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The overriding majority of the Baltic residents (93%) admit that women and men should enjoy equal rights, but at the same time gender stereotypes remain embedded in the society. According to Novatore Baltic Gender Equality Barometer 2022, regardless of the desire to live a life of equality, nearly a half of Baltic residents acknowledge that men and women still do not enjoy the same rights in real life.*


People believe that the lack of equality is the most evident in areas like wages, childcare, household chores, and career development. Lithuanians are the most sceptical about equal opportunities in their country, while Estonians are the most optimistic.

Prejudices against female leaders

Almost one in five Baltic residents (19%) believes that men are more suited to managing large corporations or organisations than women. A part of respondents believed that men are better suited to become CEOs, vice presidents, board or supervisory council members, and directors.

“Though the majority of Baltic residents is of the opinion that most professions are equally suited for both genders, some people still have unreasonable prejudices against women in management positions, for example, women are less able to cope with stress, cannot be strong leaders. Meanwhile, what concerns direct superiors, the survey did not demonstrate that one gender would be more successful in a leading role than the other. It means that there is still a lack of consistency between the kind of society we want to live in and what we actually do, namely, words are not backed by deeds,” notes Linda Ezera, the CEO of Forta Research.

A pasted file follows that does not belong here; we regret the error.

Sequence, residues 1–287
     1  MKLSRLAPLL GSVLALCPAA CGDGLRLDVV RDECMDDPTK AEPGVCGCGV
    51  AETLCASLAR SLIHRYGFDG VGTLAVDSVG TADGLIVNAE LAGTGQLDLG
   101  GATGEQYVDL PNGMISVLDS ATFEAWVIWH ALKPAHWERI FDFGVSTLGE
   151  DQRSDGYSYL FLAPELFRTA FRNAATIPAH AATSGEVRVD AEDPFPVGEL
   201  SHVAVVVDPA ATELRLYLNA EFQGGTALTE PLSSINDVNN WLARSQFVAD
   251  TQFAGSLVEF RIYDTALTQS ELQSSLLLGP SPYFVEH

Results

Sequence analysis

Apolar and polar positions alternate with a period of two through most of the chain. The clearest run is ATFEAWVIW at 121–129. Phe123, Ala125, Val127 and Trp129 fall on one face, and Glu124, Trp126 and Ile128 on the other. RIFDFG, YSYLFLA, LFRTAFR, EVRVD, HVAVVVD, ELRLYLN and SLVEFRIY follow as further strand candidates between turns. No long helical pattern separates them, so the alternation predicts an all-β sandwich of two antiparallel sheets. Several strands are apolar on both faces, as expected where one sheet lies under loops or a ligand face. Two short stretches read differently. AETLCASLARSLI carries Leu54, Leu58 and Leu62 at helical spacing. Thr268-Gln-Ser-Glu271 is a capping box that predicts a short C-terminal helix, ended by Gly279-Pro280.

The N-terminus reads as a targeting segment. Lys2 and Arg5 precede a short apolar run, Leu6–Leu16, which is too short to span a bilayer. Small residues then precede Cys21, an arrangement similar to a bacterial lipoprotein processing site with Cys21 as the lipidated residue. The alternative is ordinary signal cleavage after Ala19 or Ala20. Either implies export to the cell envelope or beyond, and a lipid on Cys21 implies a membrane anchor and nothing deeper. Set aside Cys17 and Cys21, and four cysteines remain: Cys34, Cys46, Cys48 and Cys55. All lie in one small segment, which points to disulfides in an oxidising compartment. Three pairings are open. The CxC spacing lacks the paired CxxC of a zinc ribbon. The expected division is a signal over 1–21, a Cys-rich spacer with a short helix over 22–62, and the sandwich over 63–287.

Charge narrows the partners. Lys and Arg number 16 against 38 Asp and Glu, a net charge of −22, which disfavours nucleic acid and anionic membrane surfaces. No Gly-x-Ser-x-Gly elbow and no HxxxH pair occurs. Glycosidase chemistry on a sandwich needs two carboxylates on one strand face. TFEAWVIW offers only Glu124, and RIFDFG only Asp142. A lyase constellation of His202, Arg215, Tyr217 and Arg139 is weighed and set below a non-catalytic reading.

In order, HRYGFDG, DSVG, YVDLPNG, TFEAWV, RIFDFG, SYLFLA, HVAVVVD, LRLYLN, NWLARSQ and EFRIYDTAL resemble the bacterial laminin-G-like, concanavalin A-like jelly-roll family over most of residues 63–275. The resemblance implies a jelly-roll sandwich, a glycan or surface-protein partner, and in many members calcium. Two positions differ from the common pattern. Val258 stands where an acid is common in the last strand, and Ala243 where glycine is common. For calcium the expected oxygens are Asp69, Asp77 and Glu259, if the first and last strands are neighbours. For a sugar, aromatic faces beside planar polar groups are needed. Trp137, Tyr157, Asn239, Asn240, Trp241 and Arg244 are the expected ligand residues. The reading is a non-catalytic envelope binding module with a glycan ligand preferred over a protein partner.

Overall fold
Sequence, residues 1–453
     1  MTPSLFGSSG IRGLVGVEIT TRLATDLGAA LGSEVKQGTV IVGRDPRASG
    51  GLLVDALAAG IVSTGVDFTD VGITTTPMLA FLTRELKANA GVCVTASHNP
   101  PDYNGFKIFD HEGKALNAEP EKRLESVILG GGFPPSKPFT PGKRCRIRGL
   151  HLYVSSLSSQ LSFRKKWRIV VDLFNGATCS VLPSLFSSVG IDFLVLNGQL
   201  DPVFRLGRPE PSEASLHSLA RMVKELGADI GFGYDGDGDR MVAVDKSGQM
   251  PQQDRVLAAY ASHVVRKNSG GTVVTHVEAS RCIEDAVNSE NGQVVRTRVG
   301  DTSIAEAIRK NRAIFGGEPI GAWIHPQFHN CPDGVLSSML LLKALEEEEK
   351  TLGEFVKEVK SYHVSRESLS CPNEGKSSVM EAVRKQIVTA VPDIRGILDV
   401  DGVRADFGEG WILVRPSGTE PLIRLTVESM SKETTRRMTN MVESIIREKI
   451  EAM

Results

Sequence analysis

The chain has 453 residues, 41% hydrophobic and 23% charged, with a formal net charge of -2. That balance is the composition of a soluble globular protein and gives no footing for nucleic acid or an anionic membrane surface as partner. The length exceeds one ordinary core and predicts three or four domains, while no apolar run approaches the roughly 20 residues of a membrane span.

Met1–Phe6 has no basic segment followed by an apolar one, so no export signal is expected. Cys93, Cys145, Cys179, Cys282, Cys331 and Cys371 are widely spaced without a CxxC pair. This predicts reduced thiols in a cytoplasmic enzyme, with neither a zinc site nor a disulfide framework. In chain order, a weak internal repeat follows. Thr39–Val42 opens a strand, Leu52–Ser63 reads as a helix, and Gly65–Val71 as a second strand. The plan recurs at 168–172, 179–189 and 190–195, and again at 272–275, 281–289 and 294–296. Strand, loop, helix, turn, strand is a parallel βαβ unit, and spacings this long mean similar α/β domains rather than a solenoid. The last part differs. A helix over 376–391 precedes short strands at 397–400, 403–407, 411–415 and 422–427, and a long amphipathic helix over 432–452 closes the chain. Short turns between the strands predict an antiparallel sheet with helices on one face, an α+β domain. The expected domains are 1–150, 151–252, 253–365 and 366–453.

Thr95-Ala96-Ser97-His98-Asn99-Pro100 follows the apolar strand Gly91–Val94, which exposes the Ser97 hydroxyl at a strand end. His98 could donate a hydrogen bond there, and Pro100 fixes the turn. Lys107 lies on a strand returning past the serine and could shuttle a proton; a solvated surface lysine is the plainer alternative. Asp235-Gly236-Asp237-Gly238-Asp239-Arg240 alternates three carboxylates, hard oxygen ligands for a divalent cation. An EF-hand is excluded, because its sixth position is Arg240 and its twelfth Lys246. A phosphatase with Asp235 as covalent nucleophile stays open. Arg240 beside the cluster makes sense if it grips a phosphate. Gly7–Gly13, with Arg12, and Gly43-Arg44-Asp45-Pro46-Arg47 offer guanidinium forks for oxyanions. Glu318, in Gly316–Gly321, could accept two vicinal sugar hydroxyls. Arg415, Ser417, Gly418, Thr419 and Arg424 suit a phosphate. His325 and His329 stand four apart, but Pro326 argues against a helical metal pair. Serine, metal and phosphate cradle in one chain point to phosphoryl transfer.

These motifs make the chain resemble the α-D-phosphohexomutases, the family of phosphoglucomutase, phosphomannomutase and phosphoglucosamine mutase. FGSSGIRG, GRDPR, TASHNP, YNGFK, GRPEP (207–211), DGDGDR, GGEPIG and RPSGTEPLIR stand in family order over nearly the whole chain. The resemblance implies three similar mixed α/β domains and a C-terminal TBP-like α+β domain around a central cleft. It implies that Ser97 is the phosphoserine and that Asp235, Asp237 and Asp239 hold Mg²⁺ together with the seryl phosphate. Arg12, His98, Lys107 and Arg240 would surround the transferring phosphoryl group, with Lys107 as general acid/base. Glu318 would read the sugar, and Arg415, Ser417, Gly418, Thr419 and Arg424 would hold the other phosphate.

More discrimination in hiring and wages

Nearly one third (37%) of Latvian, and almost a half of Lithuanian and Estonian residents (48% and 46% respectively) admit that they have experienced gender discrimination that mainly entailed lower wages or hiring practices. This problem was mostly faced by women. 28% of all female respondents had been paid less for their work, while only 6% of men had encountered the same problem. Nearly one in four (24%) Baltic women versus one in ten (9%) men looking for a job had faced discrimination.

According to the survey, people, in particular women, also face discrimination in their jobs. The respondents had been treated unequally by their management, business partners, customers and colleagues. Unequal treatment is less prevalent in schools and universities, public and municipal authorities, medical facilities, and banks and financial institutions.

Attitudes change along generations

Gender stereotypes are more common in older people, while the younger generation tends to be more gender-neutral. The respondents aged 50 years and older more often indicated that women were more emotional than men, the main duty of women was to care for home and family, and that men had to earn more than women, men were more ambitious than women, etc. The younger the respondent group, the less prejudice they had.